An asteroid bigger than the Leaning Tower of Pisa in Italy is on a near-collision path with Earth. According to NASA, the asteroid is expected to approach the planet on Friday.

The space agency’s Center for Near Earth Object Studies (CNEOS) noted that the name of the approaching asteroid is 2019 NJ2. It has been classified by the agency as an Apollo near-Earth object due to its orbit.

As explained by CNEOS, Apollo asteroids are space rocks that have very wide orbits around the Sun and Earth. From time to time, the orbit of these types of asteroids intersects with that of Earth as it goes around the Sun.

According to CNEOS, the orbit of 2019 NJ2 may have been affected by the gravitational pull from other nearby cosmic bodies such as planets. Due to these gravitational forces, the asteroid may have ended up on a trajectory path that brings it close to Earth once in a while.

Based on the data collected by CNEOS, 2019 NJ2 is about 207 feet long, making it almost as wide as the wingspan of a Boeing 747 airplane. The agency estimated that the asteroid is currently traveling at a speed of 13.46 kilometer per second or around 30,000 miles per hour.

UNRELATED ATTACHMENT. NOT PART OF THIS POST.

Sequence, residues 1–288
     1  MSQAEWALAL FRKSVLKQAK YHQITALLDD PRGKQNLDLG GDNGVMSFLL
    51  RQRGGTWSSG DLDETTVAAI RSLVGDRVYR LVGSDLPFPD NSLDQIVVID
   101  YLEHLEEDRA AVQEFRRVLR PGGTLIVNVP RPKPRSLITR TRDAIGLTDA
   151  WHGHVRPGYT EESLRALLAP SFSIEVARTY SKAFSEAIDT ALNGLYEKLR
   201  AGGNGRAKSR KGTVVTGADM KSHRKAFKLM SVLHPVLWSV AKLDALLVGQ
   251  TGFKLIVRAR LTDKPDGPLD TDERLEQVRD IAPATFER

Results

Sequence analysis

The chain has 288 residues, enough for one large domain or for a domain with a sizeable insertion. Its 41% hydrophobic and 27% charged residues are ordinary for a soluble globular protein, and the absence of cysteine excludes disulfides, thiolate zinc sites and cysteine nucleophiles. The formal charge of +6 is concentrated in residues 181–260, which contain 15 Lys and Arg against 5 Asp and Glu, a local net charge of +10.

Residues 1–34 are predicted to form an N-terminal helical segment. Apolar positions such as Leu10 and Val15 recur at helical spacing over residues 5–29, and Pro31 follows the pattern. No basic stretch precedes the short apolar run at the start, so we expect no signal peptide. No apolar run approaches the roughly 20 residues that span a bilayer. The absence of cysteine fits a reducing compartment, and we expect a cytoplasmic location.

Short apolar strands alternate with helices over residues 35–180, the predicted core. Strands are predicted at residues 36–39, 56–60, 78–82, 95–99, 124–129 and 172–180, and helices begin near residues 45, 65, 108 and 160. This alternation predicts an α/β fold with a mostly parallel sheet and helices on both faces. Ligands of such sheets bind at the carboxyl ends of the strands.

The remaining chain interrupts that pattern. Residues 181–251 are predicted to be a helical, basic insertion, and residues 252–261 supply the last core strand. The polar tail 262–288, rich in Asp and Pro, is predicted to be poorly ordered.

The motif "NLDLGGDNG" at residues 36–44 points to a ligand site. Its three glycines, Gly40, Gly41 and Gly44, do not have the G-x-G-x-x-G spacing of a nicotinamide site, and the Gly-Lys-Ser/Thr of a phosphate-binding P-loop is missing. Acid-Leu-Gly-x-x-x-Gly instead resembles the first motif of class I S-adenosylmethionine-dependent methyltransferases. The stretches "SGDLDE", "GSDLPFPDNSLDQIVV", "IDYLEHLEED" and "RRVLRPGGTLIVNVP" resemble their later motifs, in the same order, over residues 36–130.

The asteroid is expected to fly close to Earth on July 19 at 7:53 pm ST. During its approach, the asteroid will be about 0.03421 astronomical units or roughly 3.2 million miles from the Earth’s center.

2019 NJ2 was first observed on June 29. Based on detailed studies regarding its trajectory, CNEOS was able to discover that the asteroid previously approached Venus on Dec. 27, 1952. During this time, the asteroid flew from a distance of 0.14116 astronomical units or about 13 million miles away from the planet’s center.

2019 NJ2 is not expected to return to Earth’s neighborhood for a very long time. According to CNEOS’ projections, the asteroid’s next visit will take place on July 7, 2119. It is expected to approach Earth from a distance of 0.25594 astronomical units or roughly 23.8 million miles from the planet’s center during its approach.

asteroids_passing_earth Over 17,000 near-Earth asteroids remain undetected in our solar neighborhood. Pictured; an artistic illustration of an asteroid flying by Earth. Photo: NASA